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3 reasons why the latest crude oil slump won’t dampen the sector’s spirits

3 reasons why the latest crude oil slump won't dampen the sector's spirits

During Friday’s trading session, crude oil had its worst decline since the beginning of the pandemic, falling by 13% on the day. A $10 drop brought it back below the $70 level for the first time in more than two months. This seismic shift brought prices overnight to levels we predicted for the first half of 2022. Should we expect a boring crude oil market from here? Not quite yet. 

Several factors will keep prices unsettled. The first one is the omicron variant. If or whether it will result in long-term isolationist policies among countries and hit jet fuel demand, or whether it will turn out to be a mild variant with just short-term limitations on travel, we don’t know yet.

Another factor is the OPEC+ meeting on December 2 where major oil exporters will decide how to react to the rapidly changing supply-demand picture. On one side – supply is being boosted by the release of Strategic Petroleum Reserves (SPR) led by the United States; on the other side – demand is being hit by the new covid variant. 

The most likely scenario is that OPEC is going to stick with a modest oil production increase of 400kb/d as planned. This would calm the markets and stabilize the crude oil price and would give OPEC an additional month to evaluate the impact of the spread of the omicron variant. Such a position would mute growing criticism of OPEC blaming it for artificially keeping oil markets tight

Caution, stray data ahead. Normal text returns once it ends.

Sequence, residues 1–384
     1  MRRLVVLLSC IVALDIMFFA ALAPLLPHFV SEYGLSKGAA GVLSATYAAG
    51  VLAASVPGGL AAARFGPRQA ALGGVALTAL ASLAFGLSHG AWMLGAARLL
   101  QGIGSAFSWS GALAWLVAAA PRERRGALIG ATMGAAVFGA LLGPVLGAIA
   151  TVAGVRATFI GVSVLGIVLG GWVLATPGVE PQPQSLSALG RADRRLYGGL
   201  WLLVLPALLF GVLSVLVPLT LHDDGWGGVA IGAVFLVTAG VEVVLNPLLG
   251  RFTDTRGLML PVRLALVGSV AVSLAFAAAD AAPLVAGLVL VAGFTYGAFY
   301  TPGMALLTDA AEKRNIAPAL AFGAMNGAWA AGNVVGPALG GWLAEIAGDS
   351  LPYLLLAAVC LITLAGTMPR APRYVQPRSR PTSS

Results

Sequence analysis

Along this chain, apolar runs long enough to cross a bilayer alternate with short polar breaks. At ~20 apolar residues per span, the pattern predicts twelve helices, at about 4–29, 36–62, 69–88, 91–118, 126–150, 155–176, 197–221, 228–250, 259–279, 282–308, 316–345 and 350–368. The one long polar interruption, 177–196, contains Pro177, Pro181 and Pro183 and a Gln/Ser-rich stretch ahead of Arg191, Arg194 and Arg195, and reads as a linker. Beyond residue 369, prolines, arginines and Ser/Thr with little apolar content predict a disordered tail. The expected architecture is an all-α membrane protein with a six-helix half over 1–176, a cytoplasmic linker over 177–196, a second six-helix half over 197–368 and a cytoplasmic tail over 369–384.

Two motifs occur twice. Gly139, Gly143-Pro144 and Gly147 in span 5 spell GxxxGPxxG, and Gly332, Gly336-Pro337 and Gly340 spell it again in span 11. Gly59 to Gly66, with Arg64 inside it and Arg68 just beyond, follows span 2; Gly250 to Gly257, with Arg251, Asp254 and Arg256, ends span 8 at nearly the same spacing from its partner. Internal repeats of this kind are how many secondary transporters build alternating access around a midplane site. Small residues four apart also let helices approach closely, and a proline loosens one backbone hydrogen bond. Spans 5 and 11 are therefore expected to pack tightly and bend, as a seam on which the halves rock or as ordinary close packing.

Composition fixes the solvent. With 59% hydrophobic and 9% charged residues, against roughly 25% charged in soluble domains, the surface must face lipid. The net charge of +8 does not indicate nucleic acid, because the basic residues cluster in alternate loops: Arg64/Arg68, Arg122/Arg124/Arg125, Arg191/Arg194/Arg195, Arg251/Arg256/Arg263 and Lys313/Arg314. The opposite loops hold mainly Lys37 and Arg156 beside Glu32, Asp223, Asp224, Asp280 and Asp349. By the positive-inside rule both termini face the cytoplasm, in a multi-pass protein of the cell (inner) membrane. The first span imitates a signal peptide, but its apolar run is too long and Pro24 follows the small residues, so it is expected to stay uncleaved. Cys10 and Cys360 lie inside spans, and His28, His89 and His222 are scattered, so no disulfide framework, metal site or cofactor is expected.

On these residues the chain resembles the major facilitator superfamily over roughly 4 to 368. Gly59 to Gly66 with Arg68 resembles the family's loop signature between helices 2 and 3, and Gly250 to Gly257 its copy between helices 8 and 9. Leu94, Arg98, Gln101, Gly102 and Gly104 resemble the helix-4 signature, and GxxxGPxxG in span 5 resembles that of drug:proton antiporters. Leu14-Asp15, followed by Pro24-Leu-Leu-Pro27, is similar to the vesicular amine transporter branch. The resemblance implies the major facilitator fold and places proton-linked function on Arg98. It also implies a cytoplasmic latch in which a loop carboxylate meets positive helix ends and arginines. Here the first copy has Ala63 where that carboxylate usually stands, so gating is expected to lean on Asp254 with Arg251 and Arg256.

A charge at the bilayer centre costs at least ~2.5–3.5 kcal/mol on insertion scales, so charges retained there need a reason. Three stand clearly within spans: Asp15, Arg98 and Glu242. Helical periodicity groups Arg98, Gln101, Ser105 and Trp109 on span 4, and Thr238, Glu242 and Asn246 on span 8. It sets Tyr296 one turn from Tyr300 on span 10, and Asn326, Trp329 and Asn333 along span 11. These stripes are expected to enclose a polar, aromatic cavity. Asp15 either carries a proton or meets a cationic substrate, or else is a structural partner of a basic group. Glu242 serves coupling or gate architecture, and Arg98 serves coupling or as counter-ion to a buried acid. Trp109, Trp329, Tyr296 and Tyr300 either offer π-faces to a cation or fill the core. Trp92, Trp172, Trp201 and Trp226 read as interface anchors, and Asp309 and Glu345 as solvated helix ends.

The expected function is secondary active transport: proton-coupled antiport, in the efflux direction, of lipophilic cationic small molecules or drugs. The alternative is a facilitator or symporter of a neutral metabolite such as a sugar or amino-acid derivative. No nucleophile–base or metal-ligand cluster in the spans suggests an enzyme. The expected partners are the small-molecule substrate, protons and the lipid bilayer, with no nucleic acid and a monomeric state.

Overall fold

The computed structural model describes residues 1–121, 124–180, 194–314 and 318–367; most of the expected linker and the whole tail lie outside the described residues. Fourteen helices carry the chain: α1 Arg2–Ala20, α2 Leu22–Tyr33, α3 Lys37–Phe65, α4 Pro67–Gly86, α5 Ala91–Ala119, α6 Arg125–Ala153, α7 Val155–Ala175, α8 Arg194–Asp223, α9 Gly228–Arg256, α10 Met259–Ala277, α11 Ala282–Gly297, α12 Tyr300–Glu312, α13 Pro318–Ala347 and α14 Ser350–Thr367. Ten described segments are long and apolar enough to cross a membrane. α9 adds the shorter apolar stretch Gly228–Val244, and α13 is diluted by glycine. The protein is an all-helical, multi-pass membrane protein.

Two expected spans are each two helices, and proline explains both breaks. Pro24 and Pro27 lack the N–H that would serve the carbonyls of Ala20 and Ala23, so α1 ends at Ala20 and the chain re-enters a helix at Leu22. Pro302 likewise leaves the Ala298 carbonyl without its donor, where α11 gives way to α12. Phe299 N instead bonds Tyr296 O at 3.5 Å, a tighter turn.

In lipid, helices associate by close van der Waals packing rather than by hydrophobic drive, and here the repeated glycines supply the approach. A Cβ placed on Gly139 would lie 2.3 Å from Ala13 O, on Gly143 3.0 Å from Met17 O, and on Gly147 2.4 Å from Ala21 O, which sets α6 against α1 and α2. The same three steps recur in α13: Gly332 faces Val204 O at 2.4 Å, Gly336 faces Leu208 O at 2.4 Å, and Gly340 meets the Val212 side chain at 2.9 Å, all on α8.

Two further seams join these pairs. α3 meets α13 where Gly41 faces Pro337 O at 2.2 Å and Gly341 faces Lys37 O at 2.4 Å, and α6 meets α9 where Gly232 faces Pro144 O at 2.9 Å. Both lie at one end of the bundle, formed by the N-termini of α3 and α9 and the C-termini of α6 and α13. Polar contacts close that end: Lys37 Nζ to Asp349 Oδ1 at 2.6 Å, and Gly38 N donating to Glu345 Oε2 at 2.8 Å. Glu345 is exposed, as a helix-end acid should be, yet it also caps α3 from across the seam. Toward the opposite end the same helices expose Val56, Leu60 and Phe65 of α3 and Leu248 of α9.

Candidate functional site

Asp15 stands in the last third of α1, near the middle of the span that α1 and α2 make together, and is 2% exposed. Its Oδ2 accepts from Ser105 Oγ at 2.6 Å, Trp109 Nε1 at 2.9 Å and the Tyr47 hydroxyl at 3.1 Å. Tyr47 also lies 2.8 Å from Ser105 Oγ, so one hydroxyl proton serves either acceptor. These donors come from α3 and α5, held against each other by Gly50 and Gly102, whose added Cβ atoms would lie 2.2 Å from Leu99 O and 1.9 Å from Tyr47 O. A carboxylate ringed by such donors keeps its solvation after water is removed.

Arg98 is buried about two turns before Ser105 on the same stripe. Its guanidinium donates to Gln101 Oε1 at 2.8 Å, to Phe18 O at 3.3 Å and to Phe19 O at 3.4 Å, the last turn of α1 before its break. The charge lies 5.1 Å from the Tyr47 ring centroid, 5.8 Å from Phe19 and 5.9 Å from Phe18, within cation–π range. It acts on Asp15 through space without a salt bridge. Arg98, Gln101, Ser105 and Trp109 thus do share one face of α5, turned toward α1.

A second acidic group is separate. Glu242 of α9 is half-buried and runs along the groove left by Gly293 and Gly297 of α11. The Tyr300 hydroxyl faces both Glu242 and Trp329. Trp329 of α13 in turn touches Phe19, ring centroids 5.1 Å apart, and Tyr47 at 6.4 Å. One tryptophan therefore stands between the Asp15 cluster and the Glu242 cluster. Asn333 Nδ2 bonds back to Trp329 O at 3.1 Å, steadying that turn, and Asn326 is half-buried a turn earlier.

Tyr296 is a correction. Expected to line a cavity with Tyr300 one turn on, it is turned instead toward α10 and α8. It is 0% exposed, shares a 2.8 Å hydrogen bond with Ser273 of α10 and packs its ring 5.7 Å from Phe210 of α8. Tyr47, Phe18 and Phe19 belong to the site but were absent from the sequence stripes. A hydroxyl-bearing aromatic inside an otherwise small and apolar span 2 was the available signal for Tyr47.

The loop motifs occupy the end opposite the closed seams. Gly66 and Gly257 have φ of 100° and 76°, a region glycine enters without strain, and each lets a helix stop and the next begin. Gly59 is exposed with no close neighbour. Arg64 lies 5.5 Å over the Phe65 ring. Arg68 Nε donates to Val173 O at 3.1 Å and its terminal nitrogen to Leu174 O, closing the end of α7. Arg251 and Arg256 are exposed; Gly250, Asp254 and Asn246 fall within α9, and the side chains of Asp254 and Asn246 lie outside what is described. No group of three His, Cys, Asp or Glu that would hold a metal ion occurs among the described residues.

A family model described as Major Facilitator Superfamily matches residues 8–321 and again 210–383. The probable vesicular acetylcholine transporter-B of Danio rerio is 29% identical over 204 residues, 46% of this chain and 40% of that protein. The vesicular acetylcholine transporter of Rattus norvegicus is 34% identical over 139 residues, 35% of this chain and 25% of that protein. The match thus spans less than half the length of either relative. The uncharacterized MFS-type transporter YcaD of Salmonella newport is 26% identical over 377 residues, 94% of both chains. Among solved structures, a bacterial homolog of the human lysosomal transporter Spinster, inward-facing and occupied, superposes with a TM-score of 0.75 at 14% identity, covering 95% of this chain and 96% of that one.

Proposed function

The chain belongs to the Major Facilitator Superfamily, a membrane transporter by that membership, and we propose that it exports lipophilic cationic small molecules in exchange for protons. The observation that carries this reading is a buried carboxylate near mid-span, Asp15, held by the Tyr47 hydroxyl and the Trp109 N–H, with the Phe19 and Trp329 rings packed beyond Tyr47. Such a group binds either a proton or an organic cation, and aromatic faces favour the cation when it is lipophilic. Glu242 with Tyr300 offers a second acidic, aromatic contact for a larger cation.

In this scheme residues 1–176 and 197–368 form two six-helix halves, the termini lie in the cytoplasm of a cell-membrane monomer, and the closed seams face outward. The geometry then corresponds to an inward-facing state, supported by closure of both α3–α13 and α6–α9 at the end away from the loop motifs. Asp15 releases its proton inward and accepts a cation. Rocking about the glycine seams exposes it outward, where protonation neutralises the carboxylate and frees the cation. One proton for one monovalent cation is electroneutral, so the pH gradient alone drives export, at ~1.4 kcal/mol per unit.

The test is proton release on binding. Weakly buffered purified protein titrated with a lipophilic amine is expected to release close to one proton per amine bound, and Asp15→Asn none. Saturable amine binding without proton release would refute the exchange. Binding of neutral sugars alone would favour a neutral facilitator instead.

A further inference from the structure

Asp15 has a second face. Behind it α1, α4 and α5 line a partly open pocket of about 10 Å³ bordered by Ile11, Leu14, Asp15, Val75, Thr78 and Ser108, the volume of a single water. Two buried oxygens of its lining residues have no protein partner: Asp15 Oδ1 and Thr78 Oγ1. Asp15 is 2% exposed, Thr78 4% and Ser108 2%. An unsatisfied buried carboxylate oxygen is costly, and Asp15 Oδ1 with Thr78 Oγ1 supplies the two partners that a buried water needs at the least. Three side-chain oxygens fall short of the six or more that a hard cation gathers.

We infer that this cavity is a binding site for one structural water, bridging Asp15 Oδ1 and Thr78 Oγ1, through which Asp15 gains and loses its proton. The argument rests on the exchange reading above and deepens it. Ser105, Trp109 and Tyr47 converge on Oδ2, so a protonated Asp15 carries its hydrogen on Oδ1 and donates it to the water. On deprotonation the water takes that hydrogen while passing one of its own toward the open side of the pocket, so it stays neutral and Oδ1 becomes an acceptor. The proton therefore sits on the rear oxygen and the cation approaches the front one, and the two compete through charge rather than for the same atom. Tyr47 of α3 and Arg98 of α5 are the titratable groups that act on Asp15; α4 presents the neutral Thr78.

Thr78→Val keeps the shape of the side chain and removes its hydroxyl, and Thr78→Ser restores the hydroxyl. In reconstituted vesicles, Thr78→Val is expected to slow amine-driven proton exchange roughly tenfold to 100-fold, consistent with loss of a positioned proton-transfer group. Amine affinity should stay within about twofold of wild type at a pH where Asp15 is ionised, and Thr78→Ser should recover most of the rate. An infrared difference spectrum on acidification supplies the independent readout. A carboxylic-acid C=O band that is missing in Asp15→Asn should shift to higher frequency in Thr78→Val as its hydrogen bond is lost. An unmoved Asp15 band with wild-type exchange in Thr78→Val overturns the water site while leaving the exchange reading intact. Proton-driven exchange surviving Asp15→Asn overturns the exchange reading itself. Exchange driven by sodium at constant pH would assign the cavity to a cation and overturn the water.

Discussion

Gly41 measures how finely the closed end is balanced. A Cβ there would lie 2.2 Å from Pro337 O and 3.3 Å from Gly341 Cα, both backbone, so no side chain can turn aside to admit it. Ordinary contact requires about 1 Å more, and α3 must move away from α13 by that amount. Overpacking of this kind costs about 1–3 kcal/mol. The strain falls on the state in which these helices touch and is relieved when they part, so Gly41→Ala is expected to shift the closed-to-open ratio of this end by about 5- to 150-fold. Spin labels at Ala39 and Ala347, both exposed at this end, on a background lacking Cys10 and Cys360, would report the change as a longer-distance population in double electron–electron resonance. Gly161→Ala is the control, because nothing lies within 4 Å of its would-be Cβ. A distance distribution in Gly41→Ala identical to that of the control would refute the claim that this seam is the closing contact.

Besides the global pandemic, there are diplomatic efforts underway to get Iran and the United States back together at the negotiation table. On Monday, negotiations to repair the nuclear agreement restarted in Vienna. However, despite the fact that onlookers had low hopes for a breakthrough, both parties reported a positive atmosphere following the first day of negotiations.

Crude oil production in Iran (Source: EIA)

Any progress in negotiations would increase the probability of additional crude hitting markets in the not too distant future. Before the US pulled out of the agreement in 2018, Iran was ramping crude oil exports to 2.5 million barrels with ambitions to increase supply to 4 million barrels. Iranian officials earlier this year claimed that 4 mb/d production is achievable within three months after the end of sanctions. 

Short WTI technical analysis 

Elsewhere, WTI (West Texas Intermediate) price traded at $67.87/b overnight into the first day of December. Despite the recent fall, the market reached a fragile balance. Therefore, it slightly resembles the crude oil market of 2018. As it was then, Iran sanctions are at play, also the production is increasing, albeit slower than in 2018. Hence WTI price bounced back from the $64.45 level rather easily. 

WTI futures performance (Source:

Thus, such relative balance of perceived “tightness” of the market challenged with increasing supply and uncertain demand might hold crude oil prices in the same range of $64-$78 for a little while. Conditions would have to change materially to break through $78 or drop below $64 which was both: a support level in 2018 and a resistance level in 2019. As such, crude oil’s long upward trend is derailed for now.

Although, worth mentioning, some analysts doubled down on calls for crude oil hitting $100/b and even increased those levels just very recently. For example, JPMorgan warned clients on Monday that Brent crude oil will hit $125 a barrel next year. As we discussed in our Q4 21 overview, we still do not see such calls as a likely scenario.

Disclaimer: This article is the author’s personal opinion and is not a recommendation to buy or sell any stocks, futures, or other derivatives.

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